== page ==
The past year has brought forth an ambitious slate of new UN initiatives to enhance the well-being of peoples throughout the world. There are far more noteworthy new initiatives than time will permit me to mention here. Please allow me to highlight but a few.
While the effects of some grave threats to the FSM will manifest themselves gradually in the next decades, my nation grapples with an ongoing and immediate concern - poverty. I speak not of the poverty of hunger and unchecked disease, but of the all-too-common developing world condition that has resulted from the persistent failure of all nations to achieve equitable sharing of the bounties of this world.
We unfortunately are not alone, but this provides little solace. We applaud the United Nations as it continues its heroic work to reduce poverty and bring a better standard of living to all peoples of the world. We will continue to work with our colleagues within the Group of 77 to further poverty reduction measures and improve the standard of living for all human beings. In this regard, we fully support the Secretary-General's draft resolution on follow-up to the outcome of the Millennium Summit, and look forward to its debate on November 19, in this Assembly.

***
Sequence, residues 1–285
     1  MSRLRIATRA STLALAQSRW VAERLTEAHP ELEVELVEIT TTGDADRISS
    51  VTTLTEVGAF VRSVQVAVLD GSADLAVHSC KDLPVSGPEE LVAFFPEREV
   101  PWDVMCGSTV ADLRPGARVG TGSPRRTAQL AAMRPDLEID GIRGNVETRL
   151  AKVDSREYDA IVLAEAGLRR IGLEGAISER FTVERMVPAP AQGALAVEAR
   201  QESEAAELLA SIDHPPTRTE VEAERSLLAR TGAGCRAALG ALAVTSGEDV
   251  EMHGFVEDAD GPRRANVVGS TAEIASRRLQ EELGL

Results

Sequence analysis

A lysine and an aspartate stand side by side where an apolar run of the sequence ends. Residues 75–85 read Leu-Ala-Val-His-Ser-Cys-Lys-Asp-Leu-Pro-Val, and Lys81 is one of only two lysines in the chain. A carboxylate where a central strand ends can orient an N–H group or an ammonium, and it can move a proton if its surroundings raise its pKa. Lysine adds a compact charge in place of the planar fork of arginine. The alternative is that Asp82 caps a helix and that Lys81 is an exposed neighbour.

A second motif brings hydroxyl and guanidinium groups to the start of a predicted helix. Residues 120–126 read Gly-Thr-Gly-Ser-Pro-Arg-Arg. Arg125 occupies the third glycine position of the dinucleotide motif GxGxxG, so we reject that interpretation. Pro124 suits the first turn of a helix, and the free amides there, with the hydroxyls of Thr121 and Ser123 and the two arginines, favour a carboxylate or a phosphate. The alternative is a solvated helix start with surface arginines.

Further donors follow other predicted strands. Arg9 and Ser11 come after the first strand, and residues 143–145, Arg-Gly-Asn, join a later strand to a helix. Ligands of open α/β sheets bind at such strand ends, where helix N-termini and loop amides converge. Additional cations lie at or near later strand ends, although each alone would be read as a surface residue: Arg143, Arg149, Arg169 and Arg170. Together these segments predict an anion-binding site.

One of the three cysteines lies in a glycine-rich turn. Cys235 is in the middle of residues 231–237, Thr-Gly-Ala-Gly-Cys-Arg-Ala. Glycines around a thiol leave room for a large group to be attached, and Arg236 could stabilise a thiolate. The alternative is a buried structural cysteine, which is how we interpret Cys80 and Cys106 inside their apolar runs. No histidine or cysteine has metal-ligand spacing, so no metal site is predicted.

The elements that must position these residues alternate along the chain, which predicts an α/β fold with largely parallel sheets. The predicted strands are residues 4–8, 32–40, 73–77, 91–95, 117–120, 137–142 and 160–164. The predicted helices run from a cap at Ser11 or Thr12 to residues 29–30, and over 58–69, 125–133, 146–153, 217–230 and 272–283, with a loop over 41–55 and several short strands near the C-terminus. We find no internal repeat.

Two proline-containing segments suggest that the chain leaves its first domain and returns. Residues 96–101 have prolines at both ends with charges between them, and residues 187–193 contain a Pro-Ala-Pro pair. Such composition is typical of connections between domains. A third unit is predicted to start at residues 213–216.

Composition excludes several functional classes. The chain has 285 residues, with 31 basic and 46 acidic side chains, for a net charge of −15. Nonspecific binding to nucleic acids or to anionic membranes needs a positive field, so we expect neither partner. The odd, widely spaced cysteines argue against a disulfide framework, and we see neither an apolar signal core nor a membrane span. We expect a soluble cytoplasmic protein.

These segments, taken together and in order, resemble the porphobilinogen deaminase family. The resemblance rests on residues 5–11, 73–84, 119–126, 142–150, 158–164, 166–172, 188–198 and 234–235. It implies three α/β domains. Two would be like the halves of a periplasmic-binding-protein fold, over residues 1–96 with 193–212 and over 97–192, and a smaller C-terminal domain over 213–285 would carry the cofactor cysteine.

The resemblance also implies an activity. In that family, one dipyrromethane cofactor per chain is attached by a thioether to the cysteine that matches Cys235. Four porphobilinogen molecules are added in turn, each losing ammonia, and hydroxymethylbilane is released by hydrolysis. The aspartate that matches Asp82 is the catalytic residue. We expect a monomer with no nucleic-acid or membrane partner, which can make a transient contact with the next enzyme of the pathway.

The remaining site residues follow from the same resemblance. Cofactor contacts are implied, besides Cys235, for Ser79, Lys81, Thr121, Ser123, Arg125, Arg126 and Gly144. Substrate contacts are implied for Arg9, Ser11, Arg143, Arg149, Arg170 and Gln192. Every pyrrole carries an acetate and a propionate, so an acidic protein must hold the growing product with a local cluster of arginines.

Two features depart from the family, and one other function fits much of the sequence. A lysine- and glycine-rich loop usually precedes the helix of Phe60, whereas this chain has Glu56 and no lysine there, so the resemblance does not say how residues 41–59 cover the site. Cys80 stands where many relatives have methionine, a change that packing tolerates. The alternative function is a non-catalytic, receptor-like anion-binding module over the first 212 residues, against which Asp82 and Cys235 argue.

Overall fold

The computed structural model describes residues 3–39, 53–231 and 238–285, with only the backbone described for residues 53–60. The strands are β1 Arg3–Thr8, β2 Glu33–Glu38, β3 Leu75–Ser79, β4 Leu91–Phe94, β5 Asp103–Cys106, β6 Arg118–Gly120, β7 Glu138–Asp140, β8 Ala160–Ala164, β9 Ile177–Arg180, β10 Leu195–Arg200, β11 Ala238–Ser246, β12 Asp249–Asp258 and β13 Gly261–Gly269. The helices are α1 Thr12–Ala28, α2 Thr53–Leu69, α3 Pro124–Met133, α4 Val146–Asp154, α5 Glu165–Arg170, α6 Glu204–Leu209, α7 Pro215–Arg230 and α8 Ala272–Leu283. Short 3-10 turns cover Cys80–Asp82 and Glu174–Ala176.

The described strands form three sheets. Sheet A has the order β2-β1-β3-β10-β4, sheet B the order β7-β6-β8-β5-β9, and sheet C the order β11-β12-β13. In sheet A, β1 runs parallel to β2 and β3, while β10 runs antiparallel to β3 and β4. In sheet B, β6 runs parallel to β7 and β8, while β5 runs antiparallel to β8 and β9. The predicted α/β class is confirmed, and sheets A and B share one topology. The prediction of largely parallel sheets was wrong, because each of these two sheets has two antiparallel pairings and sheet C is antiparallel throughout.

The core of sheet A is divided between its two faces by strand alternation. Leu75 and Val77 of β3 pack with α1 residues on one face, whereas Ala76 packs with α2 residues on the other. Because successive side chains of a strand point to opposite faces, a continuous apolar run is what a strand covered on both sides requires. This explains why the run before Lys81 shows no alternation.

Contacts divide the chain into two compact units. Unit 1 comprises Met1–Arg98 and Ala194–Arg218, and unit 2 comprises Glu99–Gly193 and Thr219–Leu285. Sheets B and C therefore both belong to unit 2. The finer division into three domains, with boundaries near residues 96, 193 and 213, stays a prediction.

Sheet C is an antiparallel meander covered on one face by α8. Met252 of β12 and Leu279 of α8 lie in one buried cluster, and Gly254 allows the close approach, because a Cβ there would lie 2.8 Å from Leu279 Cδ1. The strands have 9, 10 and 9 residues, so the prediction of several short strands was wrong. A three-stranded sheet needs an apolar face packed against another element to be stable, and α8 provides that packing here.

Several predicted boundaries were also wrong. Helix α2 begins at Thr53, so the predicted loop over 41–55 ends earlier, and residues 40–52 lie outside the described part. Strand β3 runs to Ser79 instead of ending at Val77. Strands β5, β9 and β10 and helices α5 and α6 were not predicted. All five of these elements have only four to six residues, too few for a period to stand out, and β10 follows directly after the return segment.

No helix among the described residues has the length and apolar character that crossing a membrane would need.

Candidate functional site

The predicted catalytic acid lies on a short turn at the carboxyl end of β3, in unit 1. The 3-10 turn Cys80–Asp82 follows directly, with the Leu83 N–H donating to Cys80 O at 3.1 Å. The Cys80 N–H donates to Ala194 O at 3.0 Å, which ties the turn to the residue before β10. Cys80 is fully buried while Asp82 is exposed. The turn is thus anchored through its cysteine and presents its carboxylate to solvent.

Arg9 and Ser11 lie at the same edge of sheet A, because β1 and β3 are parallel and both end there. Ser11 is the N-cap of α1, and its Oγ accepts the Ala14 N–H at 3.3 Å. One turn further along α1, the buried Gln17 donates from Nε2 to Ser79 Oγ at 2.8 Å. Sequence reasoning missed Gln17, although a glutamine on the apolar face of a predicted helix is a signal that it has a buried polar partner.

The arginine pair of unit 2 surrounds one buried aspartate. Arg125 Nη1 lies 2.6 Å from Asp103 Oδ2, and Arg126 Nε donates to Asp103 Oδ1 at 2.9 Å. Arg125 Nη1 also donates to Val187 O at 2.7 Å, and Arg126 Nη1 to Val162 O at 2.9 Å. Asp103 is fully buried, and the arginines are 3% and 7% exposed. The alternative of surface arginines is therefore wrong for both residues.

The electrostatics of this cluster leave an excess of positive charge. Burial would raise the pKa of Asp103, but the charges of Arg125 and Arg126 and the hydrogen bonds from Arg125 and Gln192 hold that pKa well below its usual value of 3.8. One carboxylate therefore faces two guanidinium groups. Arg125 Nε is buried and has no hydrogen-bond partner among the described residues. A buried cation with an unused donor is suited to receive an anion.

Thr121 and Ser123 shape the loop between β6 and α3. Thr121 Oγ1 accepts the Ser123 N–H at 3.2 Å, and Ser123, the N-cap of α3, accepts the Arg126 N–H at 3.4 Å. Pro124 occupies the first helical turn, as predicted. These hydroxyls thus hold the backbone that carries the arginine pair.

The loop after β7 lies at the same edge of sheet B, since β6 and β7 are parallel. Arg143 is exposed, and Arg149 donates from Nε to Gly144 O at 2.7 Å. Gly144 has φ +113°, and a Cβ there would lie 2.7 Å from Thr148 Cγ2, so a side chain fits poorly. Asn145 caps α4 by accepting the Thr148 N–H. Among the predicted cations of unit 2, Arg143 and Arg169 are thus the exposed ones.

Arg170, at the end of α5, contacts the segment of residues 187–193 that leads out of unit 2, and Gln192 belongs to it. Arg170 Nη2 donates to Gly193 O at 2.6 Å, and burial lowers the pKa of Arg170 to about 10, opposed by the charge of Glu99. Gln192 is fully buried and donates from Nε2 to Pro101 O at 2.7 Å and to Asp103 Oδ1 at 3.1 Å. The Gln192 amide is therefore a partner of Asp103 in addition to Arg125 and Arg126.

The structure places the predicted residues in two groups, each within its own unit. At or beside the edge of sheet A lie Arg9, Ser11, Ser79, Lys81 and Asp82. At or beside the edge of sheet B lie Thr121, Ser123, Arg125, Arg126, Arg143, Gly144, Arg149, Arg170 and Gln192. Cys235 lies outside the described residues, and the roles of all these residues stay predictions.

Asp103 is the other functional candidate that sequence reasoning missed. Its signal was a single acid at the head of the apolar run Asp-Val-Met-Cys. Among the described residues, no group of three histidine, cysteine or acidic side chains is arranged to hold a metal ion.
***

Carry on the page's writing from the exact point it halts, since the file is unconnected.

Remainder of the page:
Our historic isolation had also sheltered us from the scourge of many communicable diseases, such as AIDS. Our integration with the world community has brought about change here as well. In this past year my country experienced its first domestic case of HIV infection. This is minor in comparison to those countries who have been devastated by the disease, but it is cause for concern, nonetheless, in a country of little more than a hundred thousand people. We wholeheartedly support UN initiatives in this regard, such as the recently concluded special session of the General Assembly on HIV/AIDS.
Traditional conflicts remain, and most troubling, many old animosities have spilled over into open hostilities. This only underscores the importance of UN initiatives such as this year's World Conference against Racism and Racial Discrimination, Xenophobia and Related Intolerance, which recently concluded in Durban, South Africa.